Memory loss and worsening thinking skills in midlife have been linked to heart health, the researchers found.
A new study has reported that small changes in the heart could be a risk factor for cognitive decline in midlife.
Risk markers for lower thinking and memory skills in midlife may show up in the heart even before heart disease occurs, the study concluded.
Heart health risks such as high blood pressure, high cholesterol and diabetes have already been linked to an increased risk of cognitive decline.
However, much less was known specifically about changes in heart structure and heart function in relation to mental processes and capacity.
The study was published in Neurology, t Medical journal of the American Academy of Neurology, Jan. 26.
The experts followed young adults into middle age over a 25-year period and found declines in thinking and memory skills associated with heart structure and function.
“Our findings are critically important in the context of identifying potential early markers in the heart of increased risk of cognitive decline in later life,” said study author Laure Rouch, PharmD, PhD, of the University of California in San Francisco.
“Such abnormalities are common and are often underdiagnosed as they do not produce any obvious symptoms.”
The researchers analyzed a group of 2,653 people with an average age of 30 over 25 years.
The participants had echocardiograms, ultrasound images of the heart, done at the beginning of the study, then after 20 and 25 years.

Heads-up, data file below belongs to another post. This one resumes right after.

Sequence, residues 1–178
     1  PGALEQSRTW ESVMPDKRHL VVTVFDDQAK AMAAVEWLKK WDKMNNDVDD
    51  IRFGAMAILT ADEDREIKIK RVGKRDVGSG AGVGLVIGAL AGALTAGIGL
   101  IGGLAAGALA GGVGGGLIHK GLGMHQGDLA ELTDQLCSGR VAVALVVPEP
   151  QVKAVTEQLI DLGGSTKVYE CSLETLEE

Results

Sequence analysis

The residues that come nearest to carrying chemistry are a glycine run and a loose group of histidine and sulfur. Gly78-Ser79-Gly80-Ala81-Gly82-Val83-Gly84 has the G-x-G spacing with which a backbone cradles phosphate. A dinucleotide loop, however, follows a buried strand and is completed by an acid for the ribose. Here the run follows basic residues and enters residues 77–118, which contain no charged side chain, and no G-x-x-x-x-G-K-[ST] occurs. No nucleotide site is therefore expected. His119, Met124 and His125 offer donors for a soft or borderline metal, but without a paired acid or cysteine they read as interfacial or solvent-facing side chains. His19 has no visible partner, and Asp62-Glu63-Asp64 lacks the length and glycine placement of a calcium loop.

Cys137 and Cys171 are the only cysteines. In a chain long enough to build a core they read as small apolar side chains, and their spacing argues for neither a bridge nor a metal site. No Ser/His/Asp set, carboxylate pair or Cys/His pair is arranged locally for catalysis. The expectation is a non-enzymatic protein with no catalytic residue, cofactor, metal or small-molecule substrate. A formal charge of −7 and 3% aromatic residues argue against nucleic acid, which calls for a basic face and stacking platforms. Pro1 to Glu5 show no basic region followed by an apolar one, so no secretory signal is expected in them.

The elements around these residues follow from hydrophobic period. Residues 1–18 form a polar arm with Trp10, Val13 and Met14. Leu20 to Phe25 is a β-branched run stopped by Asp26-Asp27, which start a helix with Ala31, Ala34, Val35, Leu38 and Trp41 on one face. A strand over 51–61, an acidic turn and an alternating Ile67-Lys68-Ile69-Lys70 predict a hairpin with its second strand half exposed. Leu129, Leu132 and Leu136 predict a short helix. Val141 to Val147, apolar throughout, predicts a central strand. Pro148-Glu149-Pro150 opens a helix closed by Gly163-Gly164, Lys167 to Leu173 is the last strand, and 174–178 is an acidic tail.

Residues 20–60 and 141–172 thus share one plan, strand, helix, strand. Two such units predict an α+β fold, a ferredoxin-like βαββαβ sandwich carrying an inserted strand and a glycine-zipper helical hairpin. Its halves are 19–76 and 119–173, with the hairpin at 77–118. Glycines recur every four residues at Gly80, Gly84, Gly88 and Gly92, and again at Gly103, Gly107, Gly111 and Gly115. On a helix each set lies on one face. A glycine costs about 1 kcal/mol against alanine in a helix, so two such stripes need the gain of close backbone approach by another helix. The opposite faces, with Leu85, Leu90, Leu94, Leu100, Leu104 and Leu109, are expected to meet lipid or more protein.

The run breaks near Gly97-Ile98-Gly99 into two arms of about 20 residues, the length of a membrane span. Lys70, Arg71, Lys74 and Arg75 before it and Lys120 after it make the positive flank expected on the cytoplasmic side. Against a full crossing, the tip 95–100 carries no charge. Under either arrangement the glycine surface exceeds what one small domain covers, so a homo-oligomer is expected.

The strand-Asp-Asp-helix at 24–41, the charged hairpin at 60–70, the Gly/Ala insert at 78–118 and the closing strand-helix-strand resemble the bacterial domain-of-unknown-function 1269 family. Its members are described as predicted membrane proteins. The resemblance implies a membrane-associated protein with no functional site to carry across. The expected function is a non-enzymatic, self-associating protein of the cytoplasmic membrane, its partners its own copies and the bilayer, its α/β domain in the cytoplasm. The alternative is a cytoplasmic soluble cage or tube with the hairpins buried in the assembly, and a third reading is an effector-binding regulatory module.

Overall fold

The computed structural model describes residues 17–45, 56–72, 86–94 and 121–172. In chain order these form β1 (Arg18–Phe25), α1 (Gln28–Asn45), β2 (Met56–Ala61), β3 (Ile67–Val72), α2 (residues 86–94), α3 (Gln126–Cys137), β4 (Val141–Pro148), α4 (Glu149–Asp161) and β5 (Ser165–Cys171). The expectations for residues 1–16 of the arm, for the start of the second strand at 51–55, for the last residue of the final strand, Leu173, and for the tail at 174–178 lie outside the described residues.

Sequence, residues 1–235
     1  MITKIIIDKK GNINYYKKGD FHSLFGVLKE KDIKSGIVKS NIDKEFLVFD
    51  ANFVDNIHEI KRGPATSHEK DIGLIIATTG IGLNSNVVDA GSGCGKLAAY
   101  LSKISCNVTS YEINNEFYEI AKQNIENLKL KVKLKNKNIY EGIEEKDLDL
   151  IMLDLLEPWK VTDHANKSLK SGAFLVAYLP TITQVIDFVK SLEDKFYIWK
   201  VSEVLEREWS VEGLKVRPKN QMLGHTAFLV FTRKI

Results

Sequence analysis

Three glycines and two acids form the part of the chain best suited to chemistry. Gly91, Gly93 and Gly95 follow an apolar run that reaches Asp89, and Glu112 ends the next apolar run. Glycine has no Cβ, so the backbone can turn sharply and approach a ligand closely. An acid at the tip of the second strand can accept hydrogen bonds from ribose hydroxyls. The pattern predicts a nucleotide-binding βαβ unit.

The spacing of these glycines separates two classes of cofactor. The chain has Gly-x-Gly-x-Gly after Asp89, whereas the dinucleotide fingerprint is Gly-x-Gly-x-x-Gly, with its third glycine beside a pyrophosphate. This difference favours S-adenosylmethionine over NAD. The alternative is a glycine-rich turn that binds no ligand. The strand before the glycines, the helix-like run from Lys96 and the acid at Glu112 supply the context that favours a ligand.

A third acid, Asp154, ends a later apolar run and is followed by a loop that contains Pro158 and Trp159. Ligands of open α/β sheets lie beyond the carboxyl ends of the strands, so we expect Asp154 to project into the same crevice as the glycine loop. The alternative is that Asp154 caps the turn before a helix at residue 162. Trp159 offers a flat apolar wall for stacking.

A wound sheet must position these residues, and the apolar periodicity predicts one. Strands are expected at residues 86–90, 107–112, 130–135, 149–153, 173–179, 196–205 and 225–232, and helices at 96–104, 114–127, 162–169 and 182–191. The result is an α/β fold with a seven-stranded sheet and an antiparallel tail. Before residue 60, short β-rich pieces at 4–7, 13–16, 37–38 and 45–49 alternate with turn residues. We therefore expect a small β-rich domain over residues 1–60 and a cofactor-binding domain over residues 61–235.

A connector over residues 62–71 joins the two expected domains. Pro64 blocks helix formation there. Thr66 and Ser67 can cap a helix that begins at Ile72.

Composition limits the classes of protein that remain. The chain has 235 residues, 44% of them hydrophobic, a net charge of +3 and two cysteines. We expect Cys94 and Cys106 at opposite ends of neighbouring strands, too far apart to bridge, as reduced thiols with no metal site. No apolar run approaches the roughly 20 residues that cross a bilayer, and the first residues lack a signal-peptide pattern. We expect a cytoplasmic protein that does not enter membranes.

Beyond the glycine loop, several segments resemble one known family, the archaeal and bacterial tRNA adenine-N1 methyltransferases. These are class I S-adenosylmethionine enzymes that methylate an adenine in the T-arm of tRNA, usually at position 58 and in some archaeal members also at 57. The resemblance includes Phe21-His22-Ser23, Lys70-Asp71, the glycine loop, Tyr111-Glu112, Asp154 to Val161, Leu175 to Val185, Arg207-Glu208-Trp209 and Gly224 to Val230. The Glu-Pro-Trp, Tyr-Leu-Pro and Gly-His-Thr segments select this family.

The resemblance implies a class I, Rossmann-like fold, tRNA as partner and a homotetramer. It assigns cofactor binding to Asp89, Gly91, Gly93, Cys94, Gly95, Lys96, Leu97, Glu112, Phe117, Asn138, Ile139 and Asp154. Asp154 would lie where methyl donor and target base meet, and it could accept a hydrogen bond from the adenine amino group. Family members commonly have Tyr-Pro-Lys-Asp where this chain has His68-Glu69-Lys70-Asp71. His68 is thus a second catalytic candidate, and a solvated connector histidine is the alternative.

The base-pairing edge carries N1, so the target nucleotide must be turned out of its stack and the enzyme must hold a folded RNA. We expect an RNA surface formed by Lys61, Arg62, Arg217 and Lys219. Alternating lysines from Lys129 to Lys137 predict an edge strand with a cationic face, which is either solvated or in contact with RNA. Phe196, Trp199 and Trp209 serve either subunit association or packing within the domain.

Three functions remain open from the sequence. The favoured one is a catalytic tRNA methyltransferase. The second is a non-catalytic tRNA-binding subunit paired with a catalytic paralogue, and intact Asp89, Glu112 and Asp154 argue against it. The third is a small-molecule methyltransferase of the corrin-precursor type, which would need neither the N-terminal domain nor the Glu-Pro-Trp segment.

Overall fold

In the final year of the study, the participants’ thinking and memory skills were measured using six cognitive tests, including a test that included recalling words from a list they had seen 10 minutes ago.
The researchers found a relationship between the weight of a person’s left ventricle and lower cognition in midlife on most tests.
The conclusion held true even when other risks to heart health, such as high blood pressure, diabetes, smoking and obesity, were taken into account.
Dr Rouch said: “Already in early adulthood, even before the onset of cardiovascular disease, there may be cardiac abnormalities that could be risk markers for lower thinking and memory skills in midlife.
“In the future, a single echocardiogram may help identify people at higher risk for cognitive decline.”
The lead author said further research should look at whether taking steps to improve heart structure and function could benefit brain health.
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George Holan is chief editor at Plainsmen Post and has articles published in many notable publications in the last decade.